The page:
KHARTOUM (Reuters) - Sudan will start peace talks on Tuesday with insurgents fighting government troops in two states bordering South Sudan in a conflict which has displaced hundreds of thousands of people, according to state media on Sunday.
The talks with the Sudan People's Liberation Movement-North (SPLM-North) will commence under the auspices of the African Union in Ethiopia on Tuesday, said Ibrahim Ghandour, head of Sudan's delegation, state news agency SUNA reported.
Sudan previously refused to meet the SPLM-North and accused South Sudan of backing the rebels, charges denied by Juba.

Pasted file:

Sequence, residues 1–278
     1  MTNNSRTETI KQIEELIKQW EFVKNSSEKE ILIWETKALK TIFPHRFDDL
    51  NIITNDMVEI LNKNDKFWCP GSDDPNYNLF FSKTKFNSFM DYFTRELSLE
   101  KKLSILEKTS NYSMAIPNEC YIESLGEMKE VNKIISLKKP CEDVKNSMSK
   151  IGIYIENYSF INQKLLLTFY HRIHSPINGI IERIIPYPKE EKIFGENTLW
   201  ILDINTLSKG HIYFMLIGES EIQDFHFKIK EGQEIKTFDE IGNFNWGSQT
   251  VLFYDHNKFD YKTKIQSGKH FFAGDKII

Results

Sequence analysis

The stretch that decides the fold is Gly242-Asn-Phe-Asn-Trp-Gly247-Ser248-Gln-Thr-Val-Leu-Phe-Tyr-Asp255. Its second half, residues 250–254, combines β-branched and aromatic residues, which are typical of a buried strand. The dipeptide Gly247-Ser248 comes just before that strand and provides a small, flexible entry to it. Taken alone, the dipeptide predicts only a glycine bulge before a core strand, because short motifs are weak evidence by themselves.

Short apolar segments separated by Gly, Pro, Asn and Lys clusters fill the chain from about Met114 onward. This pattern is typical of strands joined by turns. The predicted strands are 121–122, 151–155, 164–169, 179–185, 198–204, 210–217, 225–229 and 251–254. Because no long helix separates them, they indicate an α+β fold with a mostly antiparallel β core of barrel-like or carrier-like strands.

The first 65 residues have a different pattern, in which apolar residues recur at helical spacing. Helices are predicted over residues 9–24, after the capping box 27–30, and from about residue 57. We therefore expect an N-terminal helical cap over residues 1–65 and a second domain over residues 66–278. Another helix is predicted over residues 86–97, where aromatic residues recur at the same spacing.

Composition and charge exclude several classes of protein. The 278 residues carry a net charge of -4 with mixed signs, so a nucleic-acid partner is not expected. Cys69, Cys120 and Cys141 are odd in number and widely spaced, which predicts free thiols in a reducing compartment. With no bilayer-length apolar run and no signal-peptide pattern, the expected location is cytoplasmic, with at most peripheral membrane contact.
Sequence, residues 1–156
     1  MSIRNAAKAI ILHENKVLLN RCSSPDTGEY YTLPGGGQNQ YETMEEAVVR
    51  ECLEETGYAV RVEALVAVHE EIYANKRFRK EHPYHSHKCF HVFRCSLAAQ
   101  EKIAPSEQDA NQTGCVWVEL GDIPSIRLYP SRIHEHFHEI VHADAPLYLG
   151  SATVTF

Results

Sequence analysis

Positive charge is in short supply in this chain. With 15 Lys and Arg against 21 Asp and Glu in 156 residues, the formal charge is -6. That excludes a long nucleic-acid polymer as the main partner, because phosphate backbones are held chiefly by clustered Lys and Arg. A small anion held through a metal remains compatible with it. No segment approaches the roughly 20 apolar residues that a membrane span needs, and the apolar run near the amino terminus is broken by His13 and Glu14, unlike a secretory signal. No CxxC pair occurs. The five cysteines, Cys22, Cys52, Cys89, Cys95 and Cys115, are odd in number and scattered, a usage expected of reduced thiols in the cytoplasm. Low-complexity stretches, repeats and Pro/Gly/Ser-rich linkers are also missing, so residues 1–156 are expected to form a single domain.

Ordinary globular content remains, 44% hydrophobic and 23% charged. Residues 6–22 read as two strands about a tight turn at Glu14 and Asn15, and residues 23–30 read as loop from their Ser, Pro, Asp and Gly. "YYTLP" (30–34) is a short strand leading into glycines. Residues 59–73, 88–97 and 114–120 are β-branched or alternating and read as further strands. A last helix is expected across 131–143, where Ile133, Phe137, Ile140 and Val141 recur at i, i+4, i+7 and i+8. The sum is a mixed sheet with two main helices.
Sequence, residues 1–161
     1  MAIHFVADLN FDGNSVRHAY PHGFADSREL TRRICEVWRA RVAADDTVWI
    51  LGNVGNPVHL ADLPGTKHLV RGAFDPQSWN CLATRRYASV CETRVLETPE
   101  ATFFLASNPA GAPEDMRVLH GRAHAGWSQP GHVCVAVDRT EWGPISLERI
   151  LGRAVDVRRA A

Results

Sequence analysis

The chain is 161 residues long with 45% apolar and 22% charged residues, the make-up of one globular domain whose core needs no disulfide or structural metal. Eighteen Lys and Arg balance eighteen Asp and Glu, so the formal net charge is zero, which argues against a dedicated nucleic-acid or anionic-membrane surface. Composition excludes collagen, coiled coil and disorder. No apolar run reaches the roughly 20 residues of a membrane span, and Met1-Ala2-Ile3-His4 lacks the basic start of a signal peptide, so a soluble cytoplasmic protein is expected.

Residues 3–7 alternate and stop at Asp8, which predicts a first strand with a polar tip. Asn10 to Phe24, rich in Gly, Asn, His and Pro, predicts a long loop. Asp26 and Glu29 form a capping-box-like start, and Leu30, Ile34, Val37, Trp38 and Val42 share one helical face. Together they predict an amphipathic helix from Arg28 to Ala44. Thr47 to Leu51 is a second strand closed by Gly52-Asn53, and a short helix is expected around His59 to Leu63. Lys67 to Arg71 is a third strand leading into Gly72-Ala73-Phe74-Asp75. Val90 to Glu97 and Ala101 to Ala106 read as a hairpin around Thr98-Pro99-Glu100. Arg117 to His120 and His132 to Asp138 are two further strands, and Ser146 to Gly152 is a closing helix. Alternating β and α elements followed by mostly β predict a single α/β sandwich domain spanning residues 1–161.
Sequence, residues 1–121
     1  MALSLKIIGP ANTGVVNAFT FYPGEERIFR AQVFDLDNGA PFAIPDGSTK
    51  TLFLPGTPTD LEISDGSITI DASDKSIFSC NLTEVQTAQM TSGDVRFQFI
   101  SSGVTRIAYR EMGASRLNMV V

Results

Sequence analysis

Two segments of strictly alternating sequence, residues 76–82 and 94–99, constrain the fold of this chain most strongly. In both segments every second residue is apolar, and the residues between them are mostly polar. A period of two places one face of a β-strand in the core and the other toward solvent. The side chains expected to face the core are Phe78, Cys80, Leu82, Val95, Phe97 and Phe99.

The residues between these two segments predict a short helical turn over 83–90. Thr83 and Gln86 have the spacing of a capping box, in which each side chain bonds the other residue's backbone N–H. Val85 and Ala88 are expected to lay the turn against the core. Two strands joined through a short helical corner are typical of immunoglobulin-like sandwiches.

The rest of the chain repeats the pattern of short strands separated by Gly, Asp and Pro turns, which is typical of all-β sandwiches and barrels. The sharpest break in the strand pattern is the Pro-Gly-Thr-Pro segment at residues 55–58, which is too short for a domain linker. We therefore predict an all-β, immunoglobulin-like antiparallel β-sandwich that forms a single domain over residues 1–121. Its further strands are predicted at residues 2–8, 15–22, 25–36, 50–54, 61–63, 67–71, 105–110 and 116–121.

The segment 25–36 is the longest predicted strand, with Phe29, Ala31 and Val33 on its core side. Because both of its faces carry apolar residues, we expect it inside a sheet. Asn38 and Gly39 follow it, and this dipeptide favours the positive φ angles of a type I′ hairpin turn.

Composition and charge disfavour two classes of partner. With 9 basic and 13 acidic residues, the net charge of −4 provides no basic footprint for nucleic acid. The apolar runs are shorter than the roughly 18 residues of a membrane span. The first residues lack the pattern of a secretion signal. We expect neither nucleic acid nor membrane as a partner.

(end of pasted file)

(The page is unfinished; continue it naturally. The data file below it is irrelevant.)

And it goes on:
Khartoum changed its stance after signing a deal with South Sudan last month to defuse tensions between the neighbors and resume cross-border oil flows. The countries came close to war a year ago in a conflict over oil fees and disputed territory.
The SPLM-North has already said it was ready to talk to Sudan. Its fighters in South Kordofan and Blue Nile states sided with South Sudan during decades of civil war with Khartoum, which ended with a peace agreement in 2005.
They were left on the Sudanese side of the border after southern secession in July 2011.
Fighting in the two border states has forced hundreds of thousands of people to flee their homes. The United Nations has been denied access to deliver aid via Sudan to rebel-held territories in South Kordofan and Blue Nile.
Sudan's north-south war was one of Africa's longest and deadliest conflicts, killing some 2 million people, devastating much of South Sudan and sucking in many of its neighbors.
Reporting by Ulf Laessing; Editing by Jason Webb